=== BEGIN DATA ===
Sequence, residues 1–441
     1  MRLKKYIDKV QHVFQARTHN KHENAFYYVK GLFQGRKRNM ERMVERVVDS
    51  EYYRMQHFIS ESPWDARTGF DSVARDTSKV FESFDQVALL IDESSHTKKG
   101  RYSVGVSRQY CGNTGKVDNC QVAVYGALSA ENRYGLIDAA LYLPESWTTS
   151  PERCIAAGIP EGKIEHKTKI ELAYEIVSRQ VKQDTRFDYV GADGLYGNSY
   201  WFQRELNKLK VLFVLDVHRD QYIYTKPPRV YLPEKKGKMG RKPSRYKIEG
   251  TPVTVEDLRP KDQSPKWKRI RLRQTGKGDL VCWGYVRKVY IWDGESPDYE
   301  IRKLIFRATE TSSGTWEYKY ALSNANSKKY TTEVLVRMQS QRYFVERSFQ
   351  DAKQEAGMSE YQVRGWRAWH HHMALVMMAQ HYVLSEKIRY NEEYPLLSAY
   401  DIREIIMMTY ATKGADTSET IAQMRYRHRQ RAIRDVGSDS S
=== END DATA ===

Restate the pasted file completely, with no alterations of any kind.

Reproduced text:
Sequence, residues 1–441
     1  MRLKKYIDKV QHVFQARTHN KHENAFYYVK GLFQGRKRNM ERMVERVVDS
    51  EYYRMQHFIS ESPWDARTGF DSVARDTSKV FESFDQVALL IDESSHTKKG
   101  RYSVGVSRQY CGNTGKVDNC QVAVYGALSA ENRYGLIDAA LYLPESWTTS
   151  PERCIAAGIP EGKIEHKTKI ELAYEIVSRQ VKQDTRFDYV GADGLYGNSY
   201  WFQRELNKLK VLFVLDVHRD QYIYTKPPRV YLPEKKGKMG RKPSRYKIEG
   251  TPVTVEDLRP KDQSPKWKRI RLRQTGKGDL VCWGYVRKVY IWDGESPDYE
   301  IRKLIFRATE TSSGTWEYKY ALSNANSKKY TTEVLVRMQS QRYFVERSFQ
   351  DAKQEAGMSE YQVRGWRAWH HHMALVMMAQ HYVLSEKIRY NEEYPLLSAY
   401  DIREIIMMTY ATKGADTSET IAQMRYRHRQ RAIRDVGSDS S